Silicon Valley is resisting federal plans to increase regulations on exports of “dual use” technology like servers and software used in social media that can also be used for spying.
Sourced through Scoop.it from: www.nytimes.com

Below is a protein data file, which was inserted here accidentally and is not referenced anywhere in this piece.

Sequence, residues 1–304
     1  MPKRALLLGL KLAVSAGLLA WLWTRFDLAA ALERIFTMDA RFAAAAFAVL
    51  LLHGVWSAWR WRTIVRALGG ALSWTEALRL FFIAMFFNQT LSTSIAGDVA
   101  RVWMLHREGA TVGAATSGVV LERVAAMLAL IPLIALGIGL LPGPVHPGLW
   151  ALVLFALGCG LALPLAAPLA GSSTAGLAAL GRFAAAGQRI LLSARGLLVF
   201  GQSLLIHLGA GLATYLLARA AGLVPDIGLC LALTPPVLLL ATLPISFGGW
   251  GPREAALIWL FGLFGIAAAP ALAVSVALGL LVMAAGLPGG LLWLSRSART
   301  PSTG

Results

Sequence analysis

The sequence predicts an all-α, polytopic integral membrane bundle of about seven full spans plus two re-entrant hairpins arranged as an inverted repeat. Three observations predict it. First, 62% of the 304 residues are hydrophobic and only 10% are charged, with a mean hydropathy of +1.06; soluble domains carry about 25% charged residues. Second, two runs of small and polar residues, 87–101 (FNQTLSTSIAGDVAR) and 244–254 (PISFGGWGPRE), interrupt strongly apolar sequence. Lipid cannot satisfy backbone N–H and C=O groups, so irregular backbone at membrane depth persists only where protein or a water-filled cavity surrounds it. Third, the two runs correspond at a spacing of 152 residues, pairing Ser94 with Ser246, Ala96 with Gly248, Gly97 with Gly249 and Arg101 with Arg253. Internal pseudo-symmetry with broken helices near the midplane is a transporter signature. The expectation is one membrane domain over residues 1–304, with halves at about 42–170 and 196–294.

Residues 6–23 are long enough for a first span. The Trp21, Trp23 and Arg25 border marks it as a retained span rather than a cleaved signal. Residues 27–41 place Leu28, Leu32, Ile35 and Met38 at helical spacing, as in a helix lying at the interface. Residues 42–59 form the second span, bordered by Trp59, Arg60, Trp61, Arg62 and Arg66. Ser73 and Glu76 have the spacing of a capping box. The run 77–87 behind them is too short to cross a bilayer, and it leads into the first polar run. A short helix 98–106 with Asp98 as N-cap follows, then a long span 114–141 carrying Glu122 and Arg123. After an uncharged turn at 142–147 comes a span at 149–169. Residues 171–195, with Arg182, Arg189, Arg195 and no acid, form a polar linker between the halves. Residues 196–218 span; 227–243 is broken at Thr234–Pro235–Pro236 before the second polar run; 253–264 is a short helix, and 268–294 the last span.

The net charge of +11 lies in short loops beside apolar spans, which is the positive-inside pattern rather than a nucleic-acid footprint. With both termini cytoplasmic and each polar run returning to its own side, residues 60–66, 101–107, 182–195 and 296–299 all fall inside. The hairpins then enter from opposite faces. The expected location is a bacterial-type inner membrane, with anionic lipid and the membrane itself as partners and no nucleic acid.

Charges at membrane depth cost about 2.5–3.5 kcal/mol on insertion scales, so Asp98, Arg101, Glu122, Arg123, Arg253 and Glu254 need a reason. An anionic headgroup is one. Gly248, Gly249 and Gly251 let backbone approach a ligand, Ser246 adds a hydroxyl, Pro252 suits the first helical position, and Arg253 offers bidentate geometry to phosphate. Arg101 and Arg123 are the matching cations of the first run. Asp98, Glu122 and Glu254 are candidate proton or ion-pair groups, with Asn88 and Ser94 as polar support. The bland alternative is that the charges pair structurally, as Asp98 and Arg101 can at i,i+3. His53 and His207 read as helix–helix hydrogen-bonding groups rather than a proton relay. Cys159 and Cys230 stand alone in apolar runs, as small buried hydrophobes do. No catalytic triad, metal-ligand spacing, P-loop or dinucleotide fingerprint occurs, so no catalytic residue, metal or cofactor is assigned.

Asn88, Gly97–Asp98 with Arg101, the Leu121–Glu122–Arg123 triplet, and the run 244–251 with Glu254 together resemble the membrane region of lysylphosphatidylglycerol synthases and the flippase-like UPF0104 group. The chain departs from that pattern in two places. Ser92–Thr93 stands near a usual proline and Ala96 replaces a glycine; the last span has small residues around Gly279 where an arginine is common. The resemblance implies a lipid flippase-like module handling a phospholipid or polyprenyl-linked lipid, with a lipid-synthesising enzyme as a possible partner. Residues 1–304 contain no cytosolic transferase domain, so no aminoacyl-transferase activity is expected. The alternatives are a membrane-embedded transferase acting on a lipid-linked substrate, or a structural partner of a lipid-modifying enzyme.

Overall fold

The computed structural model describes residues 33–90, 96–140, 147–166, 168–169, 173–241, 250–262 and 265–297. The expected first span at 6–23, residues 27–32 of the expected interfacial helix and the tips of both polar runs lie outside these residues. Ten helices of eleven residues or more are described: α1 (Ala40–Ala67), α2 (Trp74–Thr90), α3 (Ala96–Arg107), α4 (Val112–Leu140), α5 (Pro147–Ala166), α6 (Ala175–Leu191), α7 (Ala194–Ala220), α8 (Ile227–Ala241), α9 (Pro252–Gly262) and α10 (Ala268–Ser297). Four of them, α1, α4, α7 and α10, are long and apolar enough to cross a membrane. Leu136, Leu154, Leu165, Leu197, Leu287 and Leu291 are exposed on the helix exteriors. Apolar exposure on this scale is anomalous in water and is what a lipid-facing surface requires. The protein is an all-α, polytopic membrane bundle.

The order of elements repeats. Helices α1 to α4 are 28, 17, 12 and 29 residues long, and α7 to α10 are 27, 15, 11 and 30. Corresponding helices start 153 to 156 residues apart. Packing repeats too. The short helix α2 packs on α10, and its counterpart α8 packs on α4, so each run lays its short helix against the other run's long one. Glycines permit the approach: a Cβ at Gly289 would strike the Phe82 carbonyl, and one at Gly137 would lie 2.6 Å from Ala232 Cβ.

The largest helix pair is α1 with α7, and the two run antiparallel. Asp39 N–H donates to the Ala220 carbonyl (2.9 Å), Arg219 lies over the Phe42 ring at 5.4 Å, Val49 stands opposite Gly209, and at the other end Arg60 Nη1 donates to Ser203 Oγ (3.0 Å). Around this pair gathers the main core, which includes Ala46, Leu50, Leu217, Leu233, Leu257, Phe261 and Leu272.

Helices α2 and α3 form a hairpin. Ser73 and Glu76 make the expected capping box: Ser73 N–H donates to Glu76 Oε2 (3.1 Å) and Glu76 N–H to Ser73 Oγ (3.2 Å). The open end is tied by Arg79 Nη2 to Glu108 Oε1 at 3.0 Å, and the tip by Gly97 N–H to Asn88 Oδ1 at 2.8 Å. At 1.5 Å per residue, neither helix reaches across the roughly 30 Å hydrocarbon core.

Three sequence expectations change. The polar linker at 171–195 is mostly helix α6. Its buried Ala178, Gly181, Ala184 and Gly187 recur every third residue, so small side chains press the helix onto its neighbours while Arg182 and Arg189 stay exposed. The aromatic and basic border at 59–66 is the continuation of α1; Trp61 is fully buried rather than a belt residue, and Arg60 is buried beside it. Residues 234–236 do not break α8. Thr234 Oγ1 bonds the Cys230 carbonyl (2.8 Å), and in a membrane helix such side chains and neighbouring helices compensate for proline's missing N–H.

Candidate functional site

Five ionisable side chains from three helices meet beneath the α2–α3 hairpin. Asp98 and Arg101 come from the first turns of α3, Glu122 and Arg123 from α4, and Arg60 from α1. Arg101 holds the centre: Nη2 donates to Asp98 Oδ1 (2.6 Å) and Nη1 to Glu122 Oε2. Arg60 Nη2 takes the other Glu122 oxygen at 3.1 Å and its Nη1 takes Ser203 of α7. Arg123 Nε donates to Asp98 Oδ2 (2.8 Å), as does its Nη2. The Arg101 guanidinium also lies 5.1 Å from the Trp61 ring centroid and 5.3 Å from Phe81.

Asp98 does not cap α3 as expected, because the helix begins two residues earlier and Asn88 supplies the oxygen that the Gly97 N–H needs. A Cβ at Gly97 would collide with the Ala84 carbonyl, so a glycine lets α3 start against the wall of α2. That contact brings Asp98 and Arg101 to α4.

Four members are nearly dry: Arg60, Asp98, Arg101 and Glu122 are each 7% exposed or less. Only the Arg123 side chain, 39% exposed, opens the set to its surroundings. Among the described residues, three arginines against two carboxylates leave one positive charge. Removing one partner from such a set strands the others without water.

Ayman Ammar and Rashid Albuni claimed to be computer technology distributors, operating through multiple corporations in Dubai, in the United Arab Emirates. The United States government, though, charged them with smuggling — of illegally shipping American equipment to the Syrian government that can help it monitor Internet traffic and spy on dissidents. The Syrian case, in which the two men were fined last month for violating American economic sanctions against Syria, is one of the few the Obama administration has pursued to limit authoritarian governments from acquiring technology that enables censoring, spying and hacking. That is largely because many of the same tools that repressive governments seek from Western companies are vital for social media and other communications by political protesters and grass-roots organizers throughout the world. The software and other equipment are also used by American and other law enforcement agencies to track criminals or disrupt plots, and are needed to filter out unwanted content from most commercial and governmental networks and to keep them secure. Such dual-use technology is now at the center of a conflict between Silicon Valley and the administration over additional restraints on technology exports. The administration signed an international agreement in 2013 that calls for new curbs on exports of advanced surveillance technology to governments with troubling human rights records. The agreement adds the technology to a longstanding arms control pact that seeks to limit weapons exports to such governments. Some argue that the global market for such technology is emerging as a 21st century version of the arms trade. To go along with their tanks, assault helicopters and fighter jets, repressive governments are now seeking the latest routers, servers and software from Silicon Valley or Europe.